How I create my horse, dog and cat portraits and paintings

My method of painting is pretty much freehand, as I know horses and dogs characteristics so very well after years of painting different breeds, colours and horses that perform different disciplines. Knowing the anatomy means proportions and positioning of eyes and ears etc are correct.

 

I start by sketching the subject onto the paper  then I move on to straight on to the eyes. As you will know you can really see their souls through their eyes, horses eyes are so gentle and expressive and as we all know when they see us arrive in the yard waiting for their feed - eyes fixated on us and vocalising (and sometimes impatiently pawing at the floor or door!) and as we all know when our dogs sit and look so soulfully at us their eyes fixated on us when they want your attention, to play, or their dinner – or your dinner!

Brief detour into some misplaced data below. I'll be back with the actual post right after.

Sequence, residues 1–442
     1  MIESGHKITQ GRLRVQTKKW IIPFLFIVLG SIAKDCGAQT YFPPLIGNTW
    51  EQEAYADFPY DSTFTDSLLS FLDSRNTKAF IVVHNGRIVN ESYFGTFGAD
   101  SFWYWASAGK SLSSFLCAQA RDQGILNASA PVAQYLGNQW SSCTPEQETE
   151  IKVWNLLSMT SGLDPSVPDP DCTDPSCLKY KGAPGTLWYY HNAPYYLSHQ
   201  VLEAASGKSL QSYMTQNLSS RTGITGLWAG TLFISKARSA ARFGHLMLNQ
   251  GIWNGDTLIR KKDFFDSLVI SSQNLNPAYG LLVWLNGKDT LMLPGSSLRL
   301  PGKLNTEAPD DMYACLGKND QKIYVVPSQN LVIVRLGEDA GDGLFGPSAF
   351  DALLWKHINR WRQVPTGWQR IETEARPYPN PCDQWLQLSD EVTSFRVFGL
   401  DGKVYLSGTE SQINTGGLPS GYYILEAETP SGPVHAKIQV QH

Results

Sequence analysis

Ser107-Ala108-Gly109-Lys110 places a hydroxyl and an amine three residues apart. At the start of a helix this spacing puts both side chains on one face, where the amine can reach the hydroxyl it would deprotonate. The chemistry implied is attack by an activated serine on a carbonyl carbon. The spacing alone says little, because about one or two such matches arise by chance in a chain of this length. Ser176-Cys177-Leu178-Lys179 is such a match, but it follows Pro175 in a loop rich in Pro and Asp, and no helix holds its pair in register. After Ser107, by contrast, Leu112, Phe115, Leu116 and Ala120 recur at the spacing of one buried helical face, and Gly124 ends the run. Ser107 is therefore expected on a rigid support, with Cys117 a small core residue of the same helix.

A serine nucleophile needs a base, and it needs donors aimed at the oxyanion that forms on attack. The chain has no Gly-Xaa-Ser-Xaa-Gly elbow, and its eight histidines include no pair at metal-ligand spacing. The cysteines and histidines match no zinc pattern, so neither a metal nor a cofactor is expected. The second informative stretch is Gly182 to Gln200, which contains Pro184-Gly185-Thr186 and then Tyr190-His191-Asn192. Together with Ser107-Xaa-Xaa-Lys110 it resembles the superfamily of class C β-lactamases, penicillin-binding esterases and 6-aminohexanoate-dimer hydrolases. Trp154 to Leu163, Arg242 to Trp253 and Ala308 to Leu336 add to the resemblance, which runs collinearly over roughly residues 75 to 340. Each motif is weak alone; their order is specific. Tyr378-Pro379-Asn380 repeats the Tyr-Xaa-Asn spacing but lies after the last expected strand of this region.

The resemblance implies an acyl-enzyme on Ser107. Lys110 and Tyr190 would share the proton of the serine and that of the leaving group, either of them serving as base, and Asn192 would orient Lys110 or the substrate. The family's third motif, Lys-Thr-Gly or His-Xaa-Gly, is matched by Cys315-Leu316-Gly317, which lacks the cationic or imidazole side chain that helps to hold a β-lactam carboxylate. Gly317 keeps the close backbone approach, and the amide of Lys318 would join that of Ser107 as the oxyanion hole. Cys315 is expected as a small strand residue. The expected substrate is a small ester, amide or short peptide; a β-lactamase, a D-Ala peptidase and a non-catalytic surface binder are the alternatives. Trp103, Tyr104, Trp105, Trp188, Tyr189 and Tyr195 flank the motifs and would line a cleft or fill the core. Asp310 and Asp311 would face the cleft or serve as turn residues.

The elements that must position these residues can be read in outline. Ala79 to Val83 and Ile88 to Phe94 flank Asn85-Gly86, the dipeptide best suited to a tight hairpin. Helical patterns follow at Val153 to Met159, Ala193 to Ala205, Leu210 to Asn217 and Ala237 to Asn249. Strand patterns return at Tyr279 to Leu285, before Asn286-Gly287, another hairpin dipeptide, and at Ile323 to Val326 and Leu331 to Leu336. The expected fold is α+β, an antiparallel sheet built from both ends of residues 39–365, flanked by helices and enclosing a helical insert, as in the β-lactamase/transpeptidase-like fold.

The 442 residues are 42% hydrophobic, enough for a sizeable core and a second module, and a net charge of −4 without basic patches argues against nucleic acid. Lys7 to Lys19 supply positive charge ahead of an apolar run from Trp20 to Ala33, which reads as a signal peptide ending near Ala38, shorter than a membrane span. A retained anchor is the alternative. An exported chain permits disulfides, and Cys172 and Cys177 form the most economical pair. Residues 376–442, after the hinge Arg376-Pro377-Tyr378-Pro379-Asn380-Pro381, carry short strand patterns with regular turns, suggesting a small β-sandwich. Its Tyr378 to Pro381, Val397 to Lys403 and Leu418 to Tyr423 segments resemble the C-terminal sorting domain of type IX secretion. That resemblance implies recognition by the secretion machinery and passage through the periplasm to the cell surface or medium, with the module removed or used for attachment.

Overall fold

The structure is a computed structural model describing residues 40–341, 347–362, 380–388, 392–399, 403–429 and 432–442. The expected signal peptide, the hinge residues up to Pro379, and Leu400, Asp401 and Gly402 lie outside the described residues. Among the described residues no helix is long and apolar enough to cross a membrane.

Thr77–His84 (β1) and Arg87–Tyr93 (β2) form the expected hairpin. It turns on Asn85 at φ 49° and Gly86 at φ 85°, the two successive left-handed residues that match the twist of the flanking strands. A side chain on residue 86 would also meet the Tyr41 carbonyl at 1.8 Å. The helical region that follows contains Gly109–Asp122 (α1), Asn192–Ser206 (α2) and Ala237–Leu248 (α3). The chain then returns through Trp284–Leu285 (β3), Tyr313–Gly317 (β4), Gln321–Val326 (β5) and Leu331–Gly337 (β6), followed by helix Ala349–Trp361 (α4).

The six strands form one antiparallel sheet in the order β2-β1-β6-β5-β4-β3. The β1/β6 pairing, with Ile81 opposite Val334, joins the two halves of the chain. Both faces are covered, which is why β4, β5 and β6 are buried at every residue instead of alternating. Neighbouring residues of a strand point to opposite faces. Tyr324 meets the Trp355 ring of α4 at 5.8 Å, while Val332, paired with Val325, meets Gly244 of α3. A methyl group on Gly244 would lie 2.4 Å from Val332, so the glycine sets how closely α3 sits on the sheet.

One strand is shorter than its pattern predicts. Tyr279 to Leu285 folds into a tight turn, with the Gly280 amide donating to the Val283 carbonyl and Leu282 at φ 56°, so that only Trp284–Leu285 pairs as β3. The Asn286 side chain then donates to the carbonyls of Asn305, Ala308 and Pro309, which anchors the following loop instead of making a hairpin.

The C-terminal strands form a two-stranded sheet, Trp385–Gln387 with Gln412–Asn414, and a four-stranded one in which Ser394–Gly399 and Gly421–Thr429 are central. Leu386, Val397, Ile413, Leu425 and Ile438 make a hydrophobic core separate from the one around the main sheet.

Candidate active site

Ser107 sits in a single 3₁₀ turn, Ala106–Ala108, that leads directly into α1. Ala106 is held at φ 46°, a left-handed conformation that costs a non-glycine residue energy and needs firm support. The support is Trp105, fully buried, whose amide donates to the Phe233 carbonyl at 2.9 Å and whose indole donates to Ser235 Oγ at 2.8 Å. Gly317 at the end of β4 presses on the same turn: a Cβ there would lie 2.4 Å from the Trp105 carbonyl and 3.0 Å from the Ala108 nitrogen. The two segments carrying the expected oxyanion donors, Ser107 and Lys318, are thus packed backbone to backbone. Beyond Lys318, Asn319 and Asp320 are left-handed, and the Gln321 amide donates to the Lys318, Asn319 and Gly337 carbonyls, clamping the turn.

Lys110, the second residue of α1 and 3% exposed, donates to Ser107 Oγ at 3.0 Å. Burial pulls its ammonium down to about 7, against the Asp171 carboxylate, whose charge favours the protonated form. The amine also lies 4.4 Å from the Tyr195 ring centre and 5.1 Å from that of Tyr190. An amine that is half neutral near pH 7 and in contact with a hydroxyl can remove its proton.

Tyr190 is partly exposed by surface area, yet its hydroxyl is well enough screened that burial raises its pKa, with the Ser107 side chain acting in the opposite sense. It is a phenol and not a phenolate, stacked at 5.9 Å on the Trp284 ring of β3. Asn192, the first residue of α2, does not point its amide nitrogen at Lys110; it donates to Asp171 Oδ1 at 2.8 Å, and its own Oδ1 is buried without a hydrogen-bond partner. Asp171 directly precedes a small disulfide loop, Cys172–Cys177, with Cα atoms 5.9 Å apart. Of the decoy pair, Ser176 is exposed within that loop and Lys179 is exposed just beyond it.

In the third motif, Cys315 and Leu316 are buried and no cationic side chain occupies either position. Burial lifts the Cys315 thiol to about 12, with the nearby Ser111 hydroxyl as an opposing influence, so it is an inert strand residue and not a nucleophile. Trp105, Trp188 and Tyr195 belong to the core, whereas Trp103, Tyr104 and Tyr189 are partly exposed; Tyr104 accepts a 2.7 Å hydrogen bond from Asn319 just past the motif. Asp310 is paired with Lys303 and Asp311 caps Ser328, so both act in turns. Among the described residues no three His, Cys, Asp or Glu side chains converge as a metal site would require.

Once I have done the eyes I start on the subject's head and shoulders (and body if a whole body painting). I am usually inspired by the background in the photograph of the horse or dog that you supply, Then I block in the basic colours and tones in much the same way as an oil underpainting, and gradually keep working over the whole portrait graduating up to the light tones. The final stages are the highlights, fine whiskers and hairs.  

Bay Horse Pastel Portrait Painting
Tabby and White Cats Pastel Commissioned Painting
Wire Haired Hungarian Vizsla Pastel Commissioned Portrait Painting